Home News The provision of electricity is a privilege rather than a right. – ECG manager
News - August 9, 2022

The provision of electricity is a privilege rather than a right. – ECG manager

The provision of electricity is a privilege rather than a right. - ECG manager

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Samuel Mahama, the managing director of Electricity Company Ghana, has defended the decision to cut off power to the municipalities of Yilo and Manya Krobo.

Mr. Mahama said the disconnect was in place during an interview on Nana Akosua Konadu’s Hard Truth program on Tuesday.

The irony, he added, is that we go about believing that we have a right to electricity when in fact it is a privilege.

According to Mr. Mahama, “if I can give people prepaid in Fadama to hound them into paying their account, I should be able to do the same thing in Manya Krobo.” I should be able to ask folks in Dansoman to pay their bills using prepaid cards if I can do that in Yilo Krobo.

From Somanya to Kpong, communities in the towns of Yilo Krobo and Manya Krobo are not connected to the national grid.

Since Wednesday, July 27, the areas have been complete

without electricity as a result of Electricity Company Ghana (ECG) turning off feeders delivering power to settlements in the two municipalities due to unlawful connections.

ECG claims that certain obstinate residents who were disconnected for refusing to adopt prepaid meters had tampered with their transformers and reconnected power to their homes.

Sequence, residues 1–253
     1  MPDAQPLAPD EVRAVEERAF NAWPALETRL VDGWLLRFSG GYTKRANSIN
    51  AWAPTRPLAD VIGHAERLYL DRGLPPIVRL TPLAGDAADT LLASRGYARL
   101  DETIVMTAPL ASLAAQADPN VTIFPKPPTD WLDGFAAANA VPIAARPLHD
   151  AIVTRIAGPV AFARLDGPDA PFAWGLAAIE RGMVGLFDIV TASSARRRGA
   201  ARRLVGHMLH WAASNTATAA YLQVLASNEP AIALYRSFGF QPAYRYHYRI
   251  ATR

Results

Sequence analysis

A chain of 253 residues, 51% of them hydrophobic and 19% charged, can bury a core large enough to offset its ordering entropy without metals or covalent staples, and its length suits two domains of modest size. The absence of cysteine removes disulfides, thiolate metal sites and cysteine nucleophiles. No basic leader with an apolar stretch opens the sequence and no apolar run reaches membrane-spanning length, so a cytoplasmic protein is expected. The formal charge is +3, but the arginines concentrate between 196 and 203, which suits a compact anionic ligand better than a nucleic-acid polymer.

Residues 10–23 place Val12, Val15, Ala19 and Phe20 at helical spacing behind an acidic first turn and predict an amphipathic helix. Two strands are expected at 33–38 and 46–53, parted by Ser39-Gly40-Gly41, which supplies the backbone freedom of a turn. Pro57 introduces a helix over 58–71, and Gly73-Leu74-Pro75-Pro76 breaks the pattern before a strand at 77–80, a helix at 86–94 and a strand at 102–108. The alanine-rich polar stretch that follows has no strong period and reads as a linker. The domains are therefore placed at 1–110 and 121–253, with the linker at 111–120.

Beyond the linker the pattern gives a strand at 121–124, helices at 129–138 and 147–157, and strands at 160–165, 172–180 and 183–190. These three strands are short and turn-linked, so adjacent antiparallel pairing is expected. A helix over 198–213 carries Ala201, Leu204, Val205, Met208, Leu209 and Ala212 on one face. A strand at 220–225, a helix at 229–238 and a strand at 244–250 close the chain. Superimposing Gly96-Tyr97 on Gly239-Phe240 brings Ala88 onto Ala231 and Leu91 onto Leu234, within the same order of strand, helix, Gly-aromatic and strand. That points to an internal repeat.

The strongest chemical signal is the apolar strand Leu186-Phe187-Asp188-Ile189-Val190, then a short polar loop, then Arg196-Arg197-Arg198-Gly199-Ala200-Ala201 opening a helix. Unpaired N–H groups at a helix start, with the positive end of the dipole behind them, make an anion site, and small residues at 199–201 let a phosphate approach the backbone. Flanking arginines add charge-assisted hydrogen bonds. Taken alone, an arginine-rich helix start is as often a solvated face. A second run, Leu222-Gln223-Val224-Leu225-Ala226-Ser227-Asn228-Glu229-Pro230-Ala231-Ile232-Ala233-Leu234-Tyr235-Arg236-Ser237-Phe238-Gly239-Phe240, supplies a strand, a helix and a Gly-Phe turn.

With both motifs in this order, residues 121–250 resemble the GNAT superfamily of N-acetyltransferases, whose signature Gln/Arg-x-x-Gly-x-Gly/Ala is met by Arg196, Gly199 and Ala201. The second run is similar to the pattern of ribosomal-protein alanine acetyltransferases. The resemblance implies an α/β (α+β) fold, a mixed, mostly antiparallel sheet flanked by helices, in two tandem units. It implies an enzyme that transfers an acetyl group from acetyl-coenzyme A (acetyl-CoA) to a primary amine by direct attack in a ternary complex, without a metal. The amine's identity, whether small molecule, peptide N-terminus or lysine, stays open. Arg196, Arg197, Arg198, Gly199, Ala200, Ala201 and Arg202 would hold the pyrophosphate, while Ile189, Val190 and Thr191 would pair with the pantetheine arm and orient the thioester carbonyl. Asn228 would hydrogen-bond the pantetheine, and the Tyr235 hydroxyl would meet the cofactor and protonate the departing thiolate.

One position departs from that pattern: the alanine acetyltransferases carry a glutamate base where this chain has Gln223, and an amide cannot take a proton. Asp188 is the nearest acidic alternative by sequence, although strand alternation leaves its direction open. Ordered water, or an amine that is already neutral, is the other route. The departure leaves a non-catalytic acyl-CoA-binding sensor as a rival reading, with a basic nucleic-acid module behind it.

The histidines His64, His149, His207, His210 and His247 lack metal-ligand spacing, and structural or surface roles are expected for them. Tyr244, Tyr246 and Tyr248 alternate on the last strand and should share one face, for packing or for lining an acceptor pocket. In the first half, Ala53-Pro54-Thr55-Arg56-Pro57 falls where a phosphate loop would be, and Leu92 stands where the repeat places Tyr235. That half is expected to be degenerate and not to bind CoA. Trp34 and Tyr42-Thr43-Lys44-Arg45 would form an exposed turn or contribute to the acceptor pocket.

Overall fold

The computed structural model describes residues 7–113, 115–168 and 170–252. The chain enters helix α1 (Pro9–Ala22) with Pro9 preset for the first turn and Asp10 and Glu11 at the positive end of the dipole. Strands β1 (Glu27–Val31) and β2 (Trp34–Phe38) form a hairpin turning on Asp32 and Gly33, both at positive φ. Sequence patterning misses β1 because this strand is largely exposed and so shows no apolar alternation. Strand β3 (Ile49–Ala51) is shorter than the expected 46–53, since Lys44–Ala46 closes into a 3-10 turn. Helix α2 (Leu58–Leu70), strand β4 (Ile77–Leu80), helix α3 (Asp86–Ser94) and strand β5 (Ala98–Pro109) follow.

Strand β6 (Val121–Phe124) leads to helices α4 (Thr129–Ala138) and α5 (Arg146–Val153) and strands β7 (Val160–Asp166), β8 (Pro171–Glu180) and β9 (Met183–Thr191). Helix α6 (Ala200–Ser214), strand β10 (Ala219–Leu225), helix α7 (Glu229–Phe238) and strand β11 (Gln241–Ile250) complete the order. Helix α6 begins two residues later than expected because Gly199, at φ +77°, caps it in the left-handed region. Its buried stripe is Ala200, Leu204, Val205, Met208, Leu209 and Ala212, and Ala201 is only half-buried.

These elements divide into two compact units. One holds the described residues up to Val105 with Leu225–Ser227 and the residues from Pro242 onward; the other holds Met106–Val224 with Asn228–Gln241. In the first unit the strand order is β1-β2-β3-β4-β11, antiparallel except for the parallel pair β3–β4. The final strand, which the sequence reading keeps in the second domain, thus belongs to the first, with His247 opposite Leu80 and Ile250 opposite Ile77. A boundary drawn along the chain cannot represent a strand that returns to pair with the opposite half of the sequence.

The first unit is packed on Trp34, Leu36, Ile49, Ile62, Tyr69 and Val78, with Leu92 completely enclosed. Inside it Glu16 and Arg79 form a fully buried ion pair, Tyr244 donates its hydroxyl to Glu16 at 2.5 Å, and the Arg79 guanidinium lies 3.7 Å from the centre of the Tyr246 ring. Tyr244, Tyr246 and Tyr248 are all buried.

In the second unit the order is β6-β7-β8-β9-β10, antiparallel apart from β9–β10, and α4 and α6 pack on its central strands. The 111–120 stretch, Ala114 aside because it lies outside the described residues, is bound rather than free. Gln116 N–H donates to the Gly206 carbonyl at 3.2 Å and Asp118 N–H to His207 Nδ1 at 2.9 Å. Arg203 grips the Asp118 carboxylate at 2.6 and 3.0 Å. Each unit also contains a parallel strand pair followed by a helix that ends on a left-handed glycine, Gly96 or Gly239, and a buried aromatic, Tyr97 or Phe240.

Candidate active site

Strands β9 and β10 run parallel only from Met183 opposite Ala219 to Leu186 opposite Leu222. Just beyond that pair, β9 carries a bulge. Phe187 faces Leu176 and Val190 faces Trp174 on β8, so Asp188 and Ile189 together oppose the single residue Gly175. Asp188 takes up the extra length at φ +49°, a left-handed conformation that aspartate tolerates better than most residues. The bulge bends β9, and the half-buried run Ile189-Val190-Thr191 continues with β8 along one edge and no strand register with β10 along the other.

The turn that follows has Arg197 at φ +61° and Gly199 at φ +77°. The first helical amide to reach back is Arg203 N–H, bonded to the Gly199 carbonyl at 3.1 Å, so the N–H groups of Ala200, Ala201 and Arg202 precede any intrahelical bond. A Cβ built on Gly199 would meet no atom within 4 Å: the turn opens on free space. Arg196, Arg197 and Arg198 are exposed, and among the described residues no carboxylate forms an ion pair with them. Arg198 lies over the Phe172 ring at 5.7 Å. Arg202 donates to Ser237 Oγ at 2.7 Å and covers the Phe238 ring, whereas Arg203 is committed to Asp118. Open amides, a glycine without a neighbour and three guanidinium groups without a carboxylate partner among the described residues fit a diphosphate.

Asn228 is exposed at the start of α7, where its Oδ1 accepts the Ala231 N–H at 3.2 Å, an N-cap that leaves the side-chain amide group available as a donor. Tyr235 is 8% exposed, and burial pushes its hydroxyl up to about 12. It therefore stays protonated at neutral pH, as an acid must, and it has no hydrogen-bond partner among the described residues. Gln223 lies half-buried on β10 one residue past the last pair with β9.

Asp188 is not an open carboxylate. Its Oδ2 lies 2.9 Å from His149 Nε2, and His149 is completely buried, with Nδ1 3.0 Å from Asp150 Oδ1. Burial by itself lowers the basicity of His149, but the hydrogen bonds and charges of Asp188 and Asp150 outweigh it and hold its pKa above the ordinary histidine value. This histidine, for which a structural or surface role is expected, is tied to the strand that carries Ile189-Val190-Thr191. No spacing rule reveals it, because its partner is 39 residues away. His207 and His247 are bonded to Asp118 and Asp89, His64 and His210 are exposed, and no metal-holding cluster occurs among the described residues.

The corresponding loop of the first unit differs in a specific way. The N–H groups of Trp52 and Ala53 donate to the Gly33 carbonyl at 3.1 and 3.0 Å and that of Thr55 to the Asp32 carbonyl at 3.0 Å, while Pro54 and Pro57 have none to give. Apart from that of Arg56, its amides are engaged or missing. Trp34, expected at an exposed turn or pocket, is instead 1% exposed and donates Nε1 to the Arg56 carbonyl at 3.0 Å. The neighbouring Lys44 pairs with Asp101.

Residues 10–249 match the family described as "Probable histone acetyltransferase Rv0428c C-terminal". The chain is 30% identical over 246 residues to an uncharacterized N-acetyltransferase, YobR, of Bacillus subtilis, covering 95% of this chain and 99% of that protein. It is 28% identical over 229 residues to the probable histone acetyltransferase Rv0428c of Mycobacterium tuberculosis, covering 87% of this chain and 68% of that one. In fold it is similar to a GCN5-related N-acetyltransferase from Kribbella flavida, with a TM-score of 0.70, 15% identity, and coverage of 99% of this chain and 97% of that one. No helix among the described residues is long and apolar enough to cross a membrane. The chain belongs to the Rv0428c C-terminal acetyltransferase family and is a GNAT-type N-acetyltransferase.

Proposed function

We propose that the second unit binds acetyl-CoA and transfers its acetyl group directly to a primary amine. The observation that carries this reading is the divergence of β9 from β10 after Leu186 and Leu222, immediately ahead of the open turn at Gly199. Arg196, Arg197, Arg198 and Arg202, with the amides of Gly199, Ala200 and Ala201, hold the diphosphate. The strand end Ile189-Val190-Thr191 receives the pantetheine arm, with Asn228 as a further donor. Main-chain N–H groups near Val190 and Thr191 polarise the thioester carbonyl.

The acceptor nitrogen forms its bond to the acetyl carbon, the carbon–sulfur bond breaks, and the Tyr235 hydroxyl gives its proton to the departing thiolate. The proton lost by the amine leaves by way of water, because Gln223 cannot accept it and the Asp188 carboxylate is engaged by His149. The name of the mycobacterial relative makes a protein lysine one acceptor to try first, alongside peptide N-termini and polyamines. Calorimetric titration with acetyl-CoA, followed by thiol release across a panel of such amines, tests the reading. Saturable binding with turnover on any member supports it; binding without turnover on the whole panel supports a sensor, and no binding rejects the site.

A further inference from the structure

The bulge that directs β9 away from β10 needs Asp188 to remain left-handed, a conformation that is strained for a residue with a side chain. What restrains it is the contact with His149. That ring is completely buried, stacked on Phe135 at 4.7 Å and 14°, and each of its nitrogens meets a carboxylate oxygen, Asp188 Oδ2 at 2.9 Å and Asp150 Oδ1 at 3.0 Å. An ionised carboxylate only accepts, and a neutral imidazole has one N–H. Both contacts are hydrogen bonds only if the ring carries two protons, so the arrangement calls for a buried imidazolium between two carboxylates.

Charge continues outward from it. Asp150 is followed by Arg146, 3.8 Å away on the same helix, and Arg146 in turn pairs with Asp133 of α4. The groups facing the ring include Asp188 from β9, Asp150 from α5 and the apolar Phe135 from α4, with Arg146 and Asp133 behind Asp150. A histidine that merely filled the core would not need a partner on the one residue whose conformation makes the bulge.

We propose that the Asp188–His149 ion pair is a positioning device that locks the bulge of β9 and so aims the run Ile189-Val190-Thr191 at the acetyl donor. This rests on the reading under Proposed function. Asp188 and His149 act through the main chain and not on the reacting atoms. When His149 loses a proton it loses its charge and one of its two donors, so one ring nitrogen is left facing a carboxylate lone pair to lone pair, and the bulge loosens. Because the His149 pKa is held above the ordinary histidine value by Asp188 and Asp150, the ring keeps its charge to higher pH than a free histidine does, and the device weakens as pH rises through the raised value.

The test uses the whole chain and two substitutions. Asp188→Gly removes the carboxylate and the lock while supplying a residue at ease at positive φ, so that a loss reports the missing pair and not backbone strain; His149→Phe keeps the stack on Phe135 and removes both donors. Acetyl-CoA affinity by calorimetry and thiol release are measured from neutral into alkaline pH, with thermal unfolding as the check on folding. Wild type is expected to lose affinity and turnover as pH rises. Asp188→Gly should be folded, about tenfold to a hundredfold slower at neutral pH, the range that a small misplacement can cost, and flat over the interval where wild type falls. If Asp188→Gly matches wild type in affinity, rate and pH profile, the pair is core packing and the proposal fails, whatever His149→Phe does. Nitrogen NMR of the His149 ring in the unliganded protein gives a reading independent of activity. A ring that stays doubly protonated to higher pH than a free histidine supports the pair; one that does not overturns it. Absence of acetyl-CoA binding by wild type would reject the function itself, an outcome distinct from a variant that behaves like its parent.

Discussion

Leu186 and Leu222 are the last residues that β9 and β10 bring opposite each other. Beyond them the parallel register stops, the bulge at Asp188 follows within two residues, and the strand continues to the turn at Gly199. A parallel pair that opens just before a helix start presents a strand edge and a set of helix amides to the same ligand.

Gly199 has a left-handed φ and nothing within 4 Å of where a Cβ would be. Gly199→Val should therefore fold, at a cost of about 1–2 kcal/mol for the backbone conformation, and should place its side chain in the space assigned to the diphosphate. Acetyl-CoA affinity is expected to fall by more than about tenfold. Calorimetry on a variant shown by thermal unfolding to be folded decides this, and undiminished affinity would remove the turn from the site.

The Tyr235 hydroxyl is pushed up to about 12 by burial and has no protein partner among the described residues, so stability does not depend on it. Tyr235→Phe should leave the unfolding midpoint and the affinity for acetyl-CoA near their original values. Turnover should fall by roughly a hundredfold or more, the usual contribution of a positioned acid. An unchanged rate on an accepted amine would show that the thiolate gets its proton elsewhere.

Families in the communities of Yilo and Manya Krobo claim that as a result of the power outage, mortuary operators are requesting them to come pick up their loved ones’ remains.

Corpses in mortuaries at Yilo, Manya Krobo decomposing – Youth Activist alleges

Edmund Aboagye, one of the local youth activists, claimed on Monday that five families had been repeatedly contacted by mortuary staff to come pick up their loved ones’ bodies because they were rotting within the facility.

He claims that the workers at the morgue claim they are unable to pay for the fuel needed to keep the facility running.

The hospitals have asked them to come and take up their dead corpses since they have started to go bad at the mortuary, he claimed. “I have had approximately four or five folks who have their family relatives of dead bodies at the mortuary phone to advise me of this,” he said.

Irina Offei, the director of municipal health for Yilo Krobo, commented on the situation but couldn’t confirm whether or not families had yet been contacted to pick up their loved ones’ bodies. But she went on to say that she was certain that “families will be asked to do that if the electricity is not restored by Wednesday.”

Madam Offei explained that the hospitals are now compelled to ration power because it is costing them more to keep the generators on.


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